Référence bibliographique 
Berthelot, Nicolas, Lemieux, Roxanne, Garon-Bissonnette, Julia et Muzik, Maria. 2020. «Prenatal Attachment, Parental Confidence, and Mental Health in Expecting Parents: The Role of Childhood Trauma ». Journal of Midwifery & Women’s Health, vol. 65, no 1, p. 85-95.
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«[T]his research addresses 3 aims. First, [the authors] will evaluate whether men and women who experienced child abuse or neglect report, during pregnancy, significantly higher levels of depressive, dissociative, and posttraumatic symptoms, as well as manifestations of personality disorders, compared with adults without childhood maltreatment. Second, [the authors] will assess whether adults exposed to childhood maltreatment report significantly lower levels of parental competence and of prenatal attachment than parents-to-be without childhood maltreatment. As [their] third aim, [the authors] will evaluate a theoretical model in which childhood maltreatment leads to poor mental health, which in turn predicts low prenatal attachment and poor perception of parental confidence.» (p. 86-87)
«Adults were recruited between September 2015 and September 2018 during prenatal classes offered to the general population by a large university hospital.» (p. 87) In total, 322 participants completed all the questionnaires (251 women and 71 men).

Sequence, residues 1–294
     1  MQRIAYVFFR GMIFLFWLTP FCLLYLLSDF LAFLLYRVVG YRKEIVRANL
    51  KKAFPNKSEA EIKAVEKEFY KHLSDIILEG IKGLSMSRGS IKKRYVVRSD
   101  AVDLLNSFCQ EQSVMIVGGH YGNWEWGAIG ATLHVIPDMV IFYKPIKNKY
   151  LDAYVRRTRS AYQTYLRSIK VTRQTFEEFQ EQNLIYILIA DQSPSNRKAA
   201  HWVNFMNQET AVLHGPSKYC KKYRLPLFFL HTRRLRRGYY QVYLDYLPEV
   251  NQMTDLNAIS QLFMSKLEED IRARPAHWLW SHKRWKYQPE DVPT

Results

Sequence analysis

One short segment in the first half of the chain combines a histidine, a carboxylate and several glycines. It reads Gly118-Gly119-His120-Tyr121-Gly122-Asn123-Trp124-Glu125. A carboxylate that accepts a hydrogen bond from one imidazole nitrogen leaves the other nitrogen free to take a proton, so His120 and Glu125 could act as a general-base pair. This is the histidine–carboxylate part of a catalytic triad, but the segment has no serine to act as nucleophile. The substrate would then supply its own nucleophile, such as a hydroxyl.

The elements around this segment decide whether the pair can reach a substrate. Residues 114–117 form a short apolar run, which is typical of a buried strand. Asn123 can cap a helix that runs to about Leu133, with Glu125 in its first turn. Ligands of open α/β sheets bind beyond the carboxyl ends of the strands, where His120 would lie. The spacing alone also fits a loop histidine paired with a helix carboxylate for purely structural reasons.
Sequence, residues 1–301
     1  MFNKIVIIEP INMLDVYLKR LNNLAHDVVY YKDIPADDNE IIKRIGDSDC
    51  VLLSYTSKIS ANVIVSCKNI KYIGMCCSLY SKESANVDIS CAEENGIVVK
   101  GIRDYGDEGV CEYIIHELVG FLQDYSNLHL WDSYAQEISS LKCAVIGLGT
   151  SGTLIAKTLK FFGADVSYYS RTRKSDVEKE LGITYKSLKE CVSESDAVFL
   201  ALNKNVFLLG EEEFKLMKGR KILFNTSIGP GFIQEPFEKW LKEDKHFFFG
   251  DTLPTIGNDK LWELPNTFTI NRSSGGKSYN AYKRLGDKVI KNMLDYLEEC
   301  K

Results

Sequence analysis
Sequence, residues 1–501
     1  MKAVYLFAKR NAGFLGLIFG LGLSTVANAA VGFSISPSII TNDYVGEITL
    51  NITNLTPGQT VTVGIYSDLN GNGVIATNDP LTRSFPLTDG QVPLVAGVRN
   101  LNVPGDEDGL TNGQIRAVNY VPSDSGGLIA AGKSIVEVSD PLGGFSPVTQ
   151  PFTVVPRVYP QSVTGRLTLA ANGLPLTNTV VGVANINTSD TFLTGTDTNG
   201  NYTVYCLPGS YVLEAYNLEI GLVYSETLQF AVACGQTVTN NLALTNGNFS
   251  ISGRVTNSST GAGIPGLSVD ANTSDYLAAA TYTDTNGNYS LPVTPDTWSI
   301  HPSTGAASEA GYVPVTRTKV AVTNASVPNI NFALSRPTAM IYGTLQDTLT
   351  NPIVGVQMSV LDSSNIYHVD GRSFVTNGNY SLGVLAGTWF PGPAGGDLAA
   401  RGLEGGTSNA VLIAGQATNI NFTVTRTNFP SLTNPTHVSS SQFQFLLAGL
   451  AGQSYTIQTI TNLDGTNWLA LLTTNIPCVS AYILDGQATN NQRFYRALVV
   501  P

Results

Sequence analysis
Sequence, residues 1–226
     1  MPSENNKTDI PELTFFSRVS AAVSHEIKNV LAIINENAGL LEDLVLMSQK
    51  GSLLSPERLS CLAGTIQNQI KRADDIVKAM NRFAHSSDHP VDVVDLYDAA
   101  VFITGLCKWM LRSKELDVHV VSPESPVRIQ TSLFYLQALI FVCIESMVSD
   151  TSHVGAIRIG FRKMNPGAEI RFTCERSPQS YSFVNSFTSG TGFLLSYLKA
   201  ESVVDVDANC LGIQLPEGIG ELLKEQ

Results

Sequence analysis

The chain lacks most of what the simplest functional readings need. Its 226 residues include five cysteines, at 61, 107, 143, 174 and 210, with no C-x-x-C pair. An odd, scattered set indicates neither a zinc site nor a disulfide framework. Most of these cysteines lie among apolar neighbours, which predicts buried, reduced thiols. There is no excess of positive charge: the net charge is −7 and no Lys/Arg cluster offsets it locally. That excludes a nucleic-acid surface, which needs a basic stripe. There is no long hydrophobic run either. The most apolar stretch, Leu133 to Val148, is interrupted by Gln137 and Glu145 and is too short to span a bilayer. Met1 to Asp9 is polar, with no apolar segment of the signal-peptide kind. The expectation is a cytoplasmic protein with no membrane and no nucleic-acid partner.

Type de traitement des données :
«Results first showed that participants who experienced childhood maltreatment were more likely to report mental health problems during pregnancy than nonexposed participants. This association held for all types of childhood maltreatment and was particularly strong for emotional abuse. The higher levels of depression, posttraumatic, and dissociative symptoms observed in adults with personal histories of childhood maltreatment is congruent with previous results in high-risk and community samples of women. Interestingly, […] the type of symptoms showing the strongest association with childhood maltreatment was the severity of personality disorders.» (p. 89) «Overall, similar results were observed for men and women. Whereas women were more likely to report depression and PTSD during pregnancy, men were as likely as women to report symptoms of dissociation and clinical features of personality disorders, suggesting that psychological distress is also frequent in expectant fathers. The association between childhood maltreatment and psychological symptoms held for both genders, with the exception of depression, which was only associated with maternal traumas.» (p. 89)